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Too old at 40?

Discussion in 'Pregnancy' started by cornflake, Jan 13, 2012.

  1. cornflake

    cornflake Established commenter

    Subject says it all.
    Am very aware that lots of these threads are from much younger mums-in-waiting. However, I only moved in with my partner last year, following a change of job and area, and we still don't actually have a place of our own (just rented for now - though I do own a house in my previous location that is rented out). He would love a family - though not above this relationship - I worry I am too old, have a chronic fear of medical stuff, a few minor health issues and we are not financially stable as he has massive debts. I also enjoy my leadership role in school, and would like to aim for Headship at some point in the next 3-5 years. I can't decide if I am being sensible saying no to children, or very unfair to him.
    Whilst I would like a child, I can't help but feel irresponsible by hoping to have one now... by which time I'd probably be more like 41. I know there is no certainty in concieving anyway - and at times I have wanted to throw caution to the wind and just let be what will be, but what about the child? Is it fair on them to have elderly parents? (Mine were, and I had little relationship with them at all ... I wouldn't want that for my child. We were also extremely short of money as a family. Are these things unduly influencing my thoughts - are they behind my cautiousness?).
    Advice? Thoughts?
     
  2. cornflake

    cornflake Established commenter

    Subject says it all.
    Am very aware that lots of these threads are from much younger mums-in-waiting. However, I only moved in with my partner last year, following a change of job and area, and we still don't actually have a place of our own (just rented for now - though I do own a house in my previous location that is rented out). He would love a family - though not above this relationship - I worry I am too old, have a chronic fear of medical stuff, a few minor health issues and we are not financially stable as he has massive debts. I also enjoy my leadership role in school, and would like to aim for Headship at some point in the next 3-5 years. I can't decide if I am being sensible saying no to children, or very unfair to him.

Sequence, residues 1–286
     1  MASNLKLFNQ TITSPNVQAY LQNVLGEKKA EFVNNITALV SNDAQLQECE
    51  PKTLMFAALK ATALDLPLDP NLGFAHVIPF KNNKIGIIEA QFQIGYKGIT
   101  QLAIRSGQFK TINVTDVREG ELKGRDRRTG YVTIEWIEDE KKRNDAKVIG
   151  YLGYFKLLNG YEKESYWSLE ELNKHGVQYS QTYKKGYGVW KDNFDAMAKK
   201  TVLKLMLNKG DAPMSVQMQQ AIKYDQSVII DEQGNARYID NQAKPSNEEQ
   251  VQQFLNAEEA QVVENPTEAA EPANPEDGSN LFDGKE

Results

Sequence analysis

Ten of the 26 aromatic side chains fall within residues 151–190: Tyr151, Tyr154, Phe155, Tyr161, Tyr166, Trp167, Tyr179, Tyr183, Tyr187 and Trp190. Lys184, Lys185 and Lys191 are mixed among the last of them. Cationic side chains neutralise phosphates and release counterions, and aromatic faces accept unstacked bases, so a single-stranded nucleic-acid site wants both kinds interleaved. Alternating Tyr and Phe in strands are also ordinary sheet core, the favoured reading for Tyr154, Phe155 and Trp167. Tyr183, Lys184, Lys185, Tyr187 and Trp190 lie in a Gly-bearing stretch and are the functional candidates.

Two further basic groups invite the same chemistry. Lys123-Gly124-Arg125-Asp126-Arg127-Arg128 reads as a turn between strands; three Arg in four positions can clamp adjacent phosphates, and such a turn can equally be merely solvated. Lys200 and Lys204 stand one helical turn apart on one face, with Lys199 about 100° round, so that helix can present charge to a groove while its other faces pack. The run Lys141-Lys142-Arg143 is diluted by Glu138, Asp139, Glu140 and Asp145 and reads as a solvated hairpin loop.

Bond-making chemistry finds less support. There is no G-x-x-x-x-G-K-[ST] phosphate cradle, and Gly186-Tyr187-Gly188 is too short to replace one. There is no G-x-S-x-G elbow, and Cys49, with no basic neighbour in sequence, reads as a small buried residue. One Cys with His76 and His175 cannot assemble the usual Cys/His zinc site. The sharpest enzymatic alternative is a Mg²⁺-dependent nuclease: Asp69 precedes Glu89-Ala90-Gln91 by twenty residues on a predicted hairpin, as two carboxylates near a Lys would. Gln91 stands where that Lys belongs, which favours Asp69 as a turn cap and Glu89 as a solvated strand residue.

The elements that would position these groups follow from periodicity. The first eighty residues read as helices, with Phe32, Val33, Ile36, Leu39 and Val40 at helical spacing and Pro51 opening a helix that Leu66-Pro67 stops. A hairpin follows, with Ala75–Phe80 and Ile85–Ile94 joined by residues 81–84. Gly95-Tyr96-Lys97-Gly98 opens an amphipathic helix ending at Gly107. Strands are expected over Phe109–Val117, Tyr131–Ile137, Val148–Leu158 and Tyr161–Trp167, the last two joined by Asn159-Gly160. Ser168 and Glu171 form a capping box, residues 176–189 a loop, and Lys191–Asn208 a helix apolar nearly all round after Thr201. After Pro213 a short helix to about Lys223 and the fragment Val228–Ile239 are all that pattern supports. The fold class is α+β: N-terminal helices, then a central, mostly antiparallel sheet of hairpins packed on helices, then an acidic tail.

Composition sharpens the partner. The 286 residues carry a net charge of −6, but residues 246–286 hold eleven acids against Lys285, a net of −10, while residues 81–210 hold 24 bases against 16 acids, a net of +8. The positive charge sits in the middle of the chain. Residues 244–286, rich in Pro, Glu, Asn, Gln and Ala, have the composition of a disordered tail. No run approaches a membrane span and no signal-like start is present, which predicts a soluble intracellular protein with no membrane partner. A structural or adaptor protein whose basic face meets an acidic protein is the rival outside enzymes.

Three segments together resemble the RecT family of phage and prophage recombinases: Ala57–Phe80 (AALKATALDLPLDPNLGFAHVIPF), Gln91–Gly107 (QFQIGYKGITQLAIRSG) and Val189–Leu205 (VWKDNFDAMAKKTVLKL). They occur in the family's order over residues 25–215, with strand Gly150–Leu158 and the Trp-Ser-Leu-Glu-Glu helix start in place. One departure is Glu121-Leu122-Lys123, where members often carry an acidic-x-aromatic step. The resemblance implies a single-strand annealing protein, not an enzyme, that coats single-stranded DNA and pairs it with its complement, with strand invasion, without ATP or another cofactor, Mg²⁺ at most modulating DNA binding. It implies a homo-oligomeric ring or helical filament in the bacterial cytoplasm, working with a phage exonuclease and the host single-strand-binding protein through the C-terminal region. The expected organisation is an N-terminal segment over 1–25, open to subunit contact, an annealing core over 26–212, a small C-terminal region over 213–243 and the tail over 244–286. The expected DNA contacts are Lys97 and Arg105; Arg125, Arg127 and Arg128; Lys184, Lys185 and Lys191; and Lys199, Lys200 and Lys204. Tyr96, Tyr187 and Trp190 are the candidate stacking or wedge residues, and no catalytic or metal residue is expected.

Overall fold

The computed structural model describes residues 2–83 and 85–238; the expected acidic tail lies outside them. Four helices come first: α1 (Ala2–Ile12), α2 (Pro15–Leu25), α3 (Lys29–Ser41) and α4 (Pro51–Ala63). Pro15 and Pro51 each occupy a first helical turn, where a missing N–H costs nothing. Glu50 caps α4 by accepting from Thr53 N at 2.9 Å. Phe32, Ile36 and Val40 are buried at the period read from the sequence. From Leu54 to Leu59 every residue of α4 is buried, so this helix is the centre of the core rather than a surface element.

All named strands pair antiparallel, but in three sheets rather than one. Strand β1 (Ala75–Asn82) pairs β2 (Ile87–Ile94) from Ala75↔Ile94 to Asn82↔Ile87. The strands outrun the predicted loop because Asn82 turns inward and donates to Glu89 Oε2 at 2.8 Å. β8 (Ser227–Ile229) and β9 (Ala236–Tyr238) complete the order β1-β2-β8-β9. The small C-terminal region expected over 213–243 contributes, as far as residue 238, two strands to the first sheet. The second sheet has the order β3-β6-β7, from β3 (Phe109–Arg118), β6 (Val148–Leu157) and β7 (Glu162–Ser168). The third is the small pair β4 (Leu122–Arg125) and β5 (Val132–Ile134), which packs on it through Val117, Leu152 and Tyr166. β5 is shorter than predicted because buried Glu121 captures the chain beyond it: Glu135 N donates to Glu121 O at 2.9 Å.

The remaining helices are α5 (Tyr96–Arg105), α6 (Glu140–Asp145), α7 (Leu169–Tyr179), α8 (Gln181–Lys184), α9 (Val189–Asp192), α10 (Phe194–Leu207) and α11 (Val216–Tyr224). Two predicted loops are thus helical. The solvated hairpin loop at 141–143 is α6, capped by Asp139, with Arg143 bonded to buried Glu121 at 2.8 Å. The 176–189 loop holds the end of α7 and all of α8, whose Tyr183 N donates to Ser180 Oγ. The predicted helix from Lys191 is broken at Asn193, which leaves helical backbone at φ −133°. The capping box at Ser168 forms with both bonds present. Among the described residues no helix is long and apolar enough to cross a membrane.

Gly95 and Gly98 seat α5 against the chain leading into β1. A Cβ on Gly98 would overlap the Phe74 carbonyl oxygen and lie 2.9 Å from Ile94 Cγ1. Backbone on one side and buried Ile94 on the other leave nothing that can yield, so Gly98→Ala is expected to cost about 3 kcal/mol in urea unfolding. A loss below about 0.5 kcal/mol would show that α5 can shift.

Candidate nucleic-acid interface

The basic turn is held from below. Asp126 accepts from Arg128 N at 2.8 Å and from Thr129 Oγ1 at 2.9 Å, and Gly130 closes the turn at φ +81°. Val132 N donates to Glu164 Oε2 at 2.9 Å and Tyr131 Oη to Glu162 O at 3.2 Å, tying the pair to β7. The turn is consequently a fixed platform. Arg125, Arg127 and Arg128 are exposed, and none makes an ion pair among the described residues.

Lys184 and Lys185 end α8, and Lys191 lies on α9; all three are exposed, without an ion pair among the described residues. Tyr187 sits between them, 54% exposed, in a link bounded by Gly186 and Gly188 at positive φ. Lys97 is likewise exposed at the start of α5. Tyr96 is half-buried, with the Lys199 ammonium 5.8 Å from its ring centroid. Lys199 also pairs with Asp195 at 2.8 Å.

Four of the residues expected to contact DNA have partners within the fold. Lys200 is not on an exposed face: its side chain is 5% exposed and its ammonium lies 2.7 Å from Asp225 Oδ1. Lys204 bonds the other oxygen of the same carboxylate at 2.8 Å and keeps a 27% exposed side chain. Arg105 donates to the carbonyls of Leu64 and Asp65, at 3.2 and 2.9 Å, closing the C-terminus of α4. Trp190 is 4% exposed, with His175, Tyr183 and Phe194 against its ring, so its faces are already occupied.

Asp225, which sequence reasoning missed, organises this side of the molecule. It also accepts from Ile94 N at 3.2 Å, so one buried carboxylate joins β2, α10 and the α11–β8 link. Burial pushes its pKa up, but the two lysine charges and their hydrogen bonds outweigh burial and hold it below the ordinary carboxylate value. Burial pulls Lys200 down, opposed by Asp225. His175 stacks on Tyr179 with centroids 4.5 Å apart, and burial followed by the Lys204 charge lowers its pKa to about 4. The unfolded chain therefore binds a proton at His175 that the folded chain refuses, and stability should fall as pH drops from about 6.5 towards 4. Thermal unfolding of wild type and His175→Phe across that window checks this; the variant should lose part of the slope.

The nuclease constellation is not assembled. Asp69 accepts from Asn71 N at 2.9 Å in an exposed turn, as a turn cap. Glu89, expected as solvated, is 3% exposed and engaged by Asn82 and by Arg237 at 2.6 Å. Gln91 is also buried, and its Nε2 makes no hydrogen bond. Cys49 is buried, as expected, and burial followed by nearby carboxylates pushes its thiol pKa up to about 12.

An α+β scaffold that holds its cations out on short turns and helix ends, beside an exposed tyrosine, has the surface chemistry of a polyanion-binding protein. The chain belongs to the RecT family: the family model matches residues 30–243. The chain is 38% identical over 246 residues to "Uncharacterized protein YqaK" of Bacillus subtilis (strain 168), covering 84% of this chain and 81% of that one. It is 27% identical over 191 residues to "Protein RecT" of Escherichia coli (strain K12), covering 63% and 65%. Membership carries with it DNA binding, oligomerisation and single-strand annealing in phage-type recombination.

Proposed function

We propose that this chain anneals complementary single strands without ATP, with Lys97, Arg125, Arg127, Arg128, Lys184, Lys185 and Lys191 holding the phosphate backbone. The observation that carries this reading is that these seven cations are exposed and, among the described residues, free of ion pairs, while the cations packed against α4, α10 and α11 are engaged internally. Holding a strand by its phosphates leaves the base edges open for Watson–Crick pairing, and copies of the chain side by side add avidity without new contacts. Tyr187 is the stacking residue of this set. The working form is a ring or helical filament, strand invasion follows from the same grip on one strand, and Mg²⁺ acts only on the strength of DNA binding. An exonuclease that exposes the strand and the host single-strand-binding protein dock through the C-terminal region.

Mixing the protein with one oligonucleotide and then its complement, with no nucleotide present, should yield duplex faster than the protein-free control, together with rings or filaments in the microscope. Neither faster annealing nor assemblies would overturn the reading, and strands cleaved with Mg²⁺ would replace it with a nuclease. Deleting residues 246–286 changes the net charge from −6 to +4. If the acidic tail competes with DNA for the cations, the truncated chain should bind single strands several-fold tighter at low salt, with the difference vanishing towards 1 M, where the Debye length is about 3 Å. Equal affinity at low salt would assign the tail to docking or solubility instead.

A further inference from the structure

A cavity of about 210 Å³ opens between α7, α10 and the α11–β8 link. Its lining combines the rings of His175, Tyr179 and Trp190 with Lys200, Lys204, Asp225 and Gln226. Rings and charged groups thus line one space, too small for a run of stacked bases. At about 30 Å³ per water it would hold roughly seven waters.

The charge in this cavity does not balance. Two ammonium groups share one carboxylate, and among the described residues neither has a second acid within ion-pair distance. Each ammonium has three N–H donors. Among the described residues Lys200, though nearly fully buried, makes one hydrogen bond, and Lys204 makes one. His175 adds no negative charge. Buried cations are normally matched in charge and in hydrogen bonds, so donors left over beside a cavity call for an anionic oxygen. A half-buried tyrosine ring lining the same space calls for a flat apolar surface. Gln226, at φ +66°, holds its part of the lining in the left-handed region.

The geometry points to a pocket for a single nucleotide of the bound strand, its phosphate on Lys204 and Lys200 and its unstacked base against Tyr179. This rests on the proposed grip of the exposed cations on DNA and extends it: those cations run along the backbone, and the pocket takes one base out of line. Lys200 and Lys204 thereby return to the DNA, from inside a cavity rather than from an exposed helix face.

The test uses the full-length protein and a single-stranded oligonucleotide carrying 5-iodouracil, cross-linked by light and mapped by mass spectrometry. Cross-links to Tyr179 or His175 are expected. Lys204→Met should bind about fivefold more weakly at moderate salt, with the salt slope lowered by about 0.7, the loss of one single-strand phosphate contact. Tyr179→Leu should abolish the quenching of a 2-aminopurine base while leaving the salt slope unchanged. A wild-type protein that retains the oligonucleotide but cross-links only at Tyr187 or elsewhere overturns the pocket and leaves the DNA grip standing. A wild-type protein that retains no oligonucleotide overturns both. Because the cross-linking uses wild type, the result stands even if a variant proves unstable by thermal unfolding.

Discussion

Whilst I would like a child, I can't help but feel irresponsible by hoping to have one now... by which time I'd probably be more like 41. I know there is no certainty in concieving anyway - and at times I have wanted to throw caution to the wind and just let be what will be, but what about the child? Is it fair on them to have elderly parents? (Mine were, and I had little relationship with them at all ... I wouldn't want that for my child. We were also extremely short of money as a family. Are these things unduly influencing my thoughts - are they behind my cautiousness?).
    Advice? Thoughts?
     
  3. Early forties is not an unusual age to get pregnant - it happens all the time! Obviously fertility is different in every woman, and as another poster said on another thread, fertility goes down a bit after 35 as a general medical rule of thumb. Saying that, my sister and several friends, as well as womenwho work at my school who I don't know very well are all up the duff with an average age of 42. Anecdotal yes...
    As for your financial situation, I can't really comment. Everyone's perception on that matter will differ. What I will say though, is that you don't need to be 'financially stable' to be an excellent parent and to bring your child up to be a good member of society. Good luck with making your choices.
     
  4. Paradoxicalgirly

    Paradoxicalgirly New commenter